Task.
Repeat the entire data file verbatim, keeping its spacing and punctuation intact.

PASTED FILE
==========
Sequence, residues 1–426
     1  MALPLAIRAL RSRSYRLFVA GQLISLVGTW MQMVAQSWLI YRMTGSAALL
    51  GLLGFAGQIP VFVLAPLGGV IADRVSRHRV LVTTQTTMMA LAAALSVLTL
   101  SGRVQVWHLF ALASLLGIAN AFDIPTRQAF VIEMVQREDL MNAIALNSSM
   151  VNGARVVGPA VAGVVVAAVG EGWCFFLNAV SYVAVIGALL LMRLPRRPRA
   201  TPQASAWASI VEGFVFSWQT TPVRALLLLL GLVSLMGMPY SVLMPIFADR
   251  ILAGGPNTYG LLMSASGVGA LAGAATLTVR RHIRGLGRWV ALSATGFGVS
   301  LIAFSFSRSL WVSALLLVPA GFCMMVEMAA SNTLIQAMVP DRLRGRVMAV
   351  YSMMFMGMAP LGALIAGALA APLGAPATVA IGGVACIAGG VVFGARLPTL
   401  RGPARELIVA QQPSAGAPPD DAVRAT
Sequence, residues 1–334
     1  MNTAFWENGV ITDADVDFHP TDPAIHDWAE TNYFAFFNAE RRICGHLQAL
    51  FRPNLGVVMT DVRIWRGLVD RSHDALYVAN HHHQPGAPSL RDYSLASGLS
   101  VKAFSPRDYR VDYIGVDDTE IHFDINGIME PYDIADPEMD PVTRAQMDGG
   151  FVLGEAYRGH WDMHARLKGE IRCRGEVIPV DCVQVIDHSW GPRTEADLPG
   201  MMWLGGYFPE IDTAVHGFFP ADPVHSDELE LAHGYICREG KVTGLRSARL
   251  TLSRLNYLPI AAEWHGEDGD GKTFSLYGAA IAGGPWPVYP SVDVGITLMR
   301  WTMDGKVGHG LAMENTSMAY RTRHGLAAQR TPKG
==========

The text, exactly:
Sequence, residues 1–426
     1  MALPLAIRAL RSRSYRLFVA GQLISLVGTW MQMVAQSWLI YRMTGSAALL
    51  GLLGFAGQIP VFVLAPLGGV IADRVSRHRV LVTTQTTMMA LAAALSVLTL
   101  SGRVQVWHLF ALASLLGIAN AFDIPTRQAF VIEMVQREDL MNAIALNSSM
   151  VNGARVVGPA VAGVVVAAVG EGWCFFLNAV SYVAVIGALL LMRLPRRPRA
   201  TPQASAWASI VEGFVFSWQT TPVRALLLLL GLVSLMGMPY SVLMPIFADR
   251  ILAGGPNTYG LLMSASGVGA LAGAATLTVR RHIRGLGRWV ALSATGFGVS
   301  LIAFSFSRSL WVSALLLVPA GFCMMVEMAA SNTLIQAMVP DRLRGRVMAV
   351  YSMMFMGMAP LGALIAGALA APLGAPATVA IGGVACIAGG VVFGARLPTL
   401  RGPARELIVA QQPSAGAPPD DAVRAT
Sequence, residues 1–334
     1  MNTAFWENGV ITDADVDFHP TDPAIHDWAE TNYFAFFNAE RRICGHLQAL
    51  FRPNLGVVMT DVRIWRGLVD RSHDALYVAN HHHQPGAPSL RDYSLASGLS
   101  VKAFSPRDYR VDYIGVDDTE IHFDINGIME PYDIADPEMD PVTRAQMDGG
   151  FVLGEAYRGH WDMHARLKGE IRCRGEVIPV DCVQVIDHSW GPRTEADLPG
   201  MMWLGGYFPE IDTAVHGFFP ADPVHSDELE LAHGYICREG KVTGLRSARL
   251  TLSRLNYLPI AAEWHGEDGD GKTFSLYGAA IAGGPWPVYP SVDVGITLMR
   301  WTMDGKVGHG LAMENTSMAY RTRHGLAAQR TPKG